Install Christmas Lights at Your Home
Before you even buy your first light, make a plan. I know, it seems far more fun to just buy some and hang them, but you will save yourself plenty of time and money if you take a little bit of time to plan. Grab a notepad, a pencil, and a tape measure. Sketch out the areas of your home where you want to add lights and decorations. Add some symbols for what type of lights you want where. Now measure those areas, yes, all of them. Also measure the distance to the nearest electrical outlet for your extension cord(s).
Calculate Power Wattage for Christmas Lights
If you are planning on going big, and I mean National Lampoon big, you will need to make sure your outlets can handle to wattage your lights will be using. If you pull too many watts, your breaker will flip and it won't be very bright. If you have this problem, there are some choices. LED lights use a whole lot less power, but they cost more. You could have an electrician add another outlet with its own fuse. You could also run a long extension cord to a different outdoor outlet if it is on a different fuse.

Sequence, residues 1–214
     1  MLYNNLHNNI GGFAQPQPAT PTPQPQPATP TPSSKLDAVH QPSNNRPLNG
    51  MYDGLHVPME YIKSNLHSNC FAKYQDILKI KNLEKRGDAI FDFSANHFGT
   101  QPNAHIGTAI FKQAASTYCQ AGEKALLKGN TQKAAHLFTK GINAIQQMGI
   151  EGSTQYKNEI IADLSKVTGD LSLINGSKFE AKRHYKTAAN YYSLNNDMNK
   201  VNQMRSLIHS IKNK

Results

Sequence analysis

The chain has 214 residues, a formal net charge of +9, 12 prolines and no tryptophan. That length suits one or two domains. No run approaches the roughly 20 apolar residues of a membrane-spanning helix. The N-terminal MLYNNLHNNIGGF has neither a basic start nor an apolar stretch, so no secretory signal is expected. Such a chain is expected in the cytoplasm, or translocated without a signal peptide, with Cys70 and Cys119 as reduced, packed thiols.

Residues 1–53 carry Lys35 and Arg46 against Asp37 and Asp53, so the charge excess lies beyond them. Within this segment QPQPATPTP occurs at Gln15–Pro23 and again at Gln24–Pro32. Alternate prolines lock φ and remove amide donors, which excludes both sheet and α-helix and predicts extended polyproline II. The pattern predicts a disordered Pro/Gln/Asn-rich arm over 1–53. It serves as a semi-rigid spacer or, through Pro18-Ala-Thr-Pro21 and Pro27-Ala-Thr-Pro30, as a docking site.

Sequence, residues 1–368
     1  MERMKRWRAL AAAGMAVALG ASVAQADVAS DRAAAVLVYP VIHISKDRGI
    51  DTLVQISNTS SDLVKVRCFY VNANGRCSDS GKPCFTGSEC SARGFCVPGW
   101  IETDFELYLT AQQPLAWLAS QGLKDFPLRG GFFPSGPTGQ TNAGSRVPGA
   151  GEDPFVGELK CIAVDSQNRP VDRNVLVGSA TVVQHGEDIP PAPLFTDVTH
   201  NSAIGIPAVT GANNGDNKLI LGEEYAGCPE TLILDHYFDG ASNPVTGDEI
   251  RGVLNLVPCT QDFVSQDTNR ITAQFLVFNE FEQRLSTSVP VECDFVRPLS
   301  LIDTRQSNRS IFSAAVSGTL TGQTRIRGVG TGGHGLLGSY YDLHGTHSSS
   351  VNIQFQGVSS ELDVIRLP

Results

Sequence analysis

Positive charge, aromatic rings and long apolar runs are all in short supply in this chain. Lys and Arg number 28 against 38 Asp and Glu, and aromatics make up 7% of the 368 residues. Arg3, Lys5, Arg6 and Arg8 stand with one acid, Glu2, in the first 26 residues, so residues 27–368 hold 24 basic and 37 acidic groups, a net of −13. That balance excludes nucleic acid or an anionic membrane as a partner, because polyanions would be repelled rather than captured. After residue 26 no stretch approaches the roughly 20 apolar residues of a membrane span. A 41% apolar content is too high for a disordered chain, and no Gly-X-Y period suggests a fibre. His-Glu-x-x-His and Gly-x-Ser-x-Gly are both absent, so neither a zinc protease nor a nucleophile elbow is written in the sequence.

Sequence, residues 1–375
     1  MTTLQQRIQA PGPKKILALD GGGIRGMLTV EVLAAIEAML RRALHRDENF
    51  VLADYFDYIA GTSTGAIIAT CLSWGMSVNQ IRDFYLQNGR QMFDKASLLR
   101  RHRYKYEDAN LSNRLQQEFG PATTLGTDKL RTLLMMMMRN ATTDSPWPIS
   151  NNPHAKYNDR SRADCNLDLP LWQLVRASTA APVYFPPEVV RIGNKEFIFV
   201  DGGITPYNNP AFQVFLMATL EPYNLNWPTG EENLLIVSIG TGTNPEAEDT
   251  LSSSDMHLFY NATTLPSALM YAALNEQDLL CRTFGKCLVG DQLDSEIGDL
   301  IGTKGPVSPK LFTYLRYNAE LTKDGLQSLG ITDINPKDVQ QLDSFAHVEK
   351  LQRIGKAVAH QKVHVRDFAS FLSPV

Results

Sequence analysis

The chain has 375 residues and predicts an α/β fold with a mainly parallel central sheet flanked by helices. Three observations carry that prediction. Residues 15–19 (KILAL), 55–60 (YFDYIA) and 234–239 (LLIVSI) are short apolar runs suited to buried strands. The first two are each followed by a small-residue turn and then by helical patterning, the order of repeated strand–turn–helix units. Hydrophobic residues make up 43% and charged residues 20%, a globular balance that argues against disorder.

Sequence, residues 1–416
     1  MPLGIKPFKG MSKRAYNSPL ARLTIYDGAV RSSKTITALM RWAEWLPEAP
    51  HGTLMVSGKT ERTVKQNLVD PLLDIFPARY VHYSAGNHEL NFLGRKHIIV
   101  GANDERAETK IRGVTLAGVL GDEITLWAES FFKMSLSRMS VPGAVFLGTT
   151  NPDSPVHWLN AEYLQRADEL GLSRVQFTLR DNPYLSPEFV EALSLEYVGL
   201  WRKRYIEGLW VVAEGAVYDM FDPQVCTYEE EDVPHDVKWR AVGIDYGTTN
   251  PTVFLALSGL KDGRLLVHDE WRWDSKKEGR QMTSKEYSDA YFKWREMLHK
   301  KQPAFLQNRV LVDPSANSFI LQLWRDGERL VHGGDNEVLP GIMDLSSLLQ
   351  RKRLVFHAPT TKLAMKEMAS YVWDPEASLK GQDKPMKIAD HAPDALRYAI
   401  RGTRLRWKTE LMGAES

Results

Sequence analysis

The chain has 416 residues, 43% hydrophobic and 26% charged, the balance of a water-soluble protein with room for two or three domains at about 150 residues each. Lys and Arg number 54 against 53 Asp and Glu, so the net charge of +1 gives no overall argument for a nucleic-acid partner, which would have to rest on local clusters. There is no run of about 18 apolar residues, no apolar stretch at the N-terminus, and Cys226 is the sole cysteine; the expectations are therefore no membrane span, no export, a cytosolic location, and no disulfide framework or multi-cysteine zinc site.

General rule for maximum number of strands to connect:
LED can connect up to 25.
Incandescent can connect between 3 to 6.
Math to Calculate Wattage
Wattage of the bulb x Number of sockets / 115 = Total Amps
It seems more and more people are growing food at their homes. It is easy to understand why with both the price of food rising and the manipulation of food by large industries. Who doesn't want wholesome food for cheaper than you can pay at the store.
What most people are finding out is it is pretty easy to grow food to supplement your regular grocery shopping. Growing your own food has the added benefit of getting your household excited about eating vegetables!
Raised Vegetable Garden Building Supplies
GreenSeasons Homegrown Food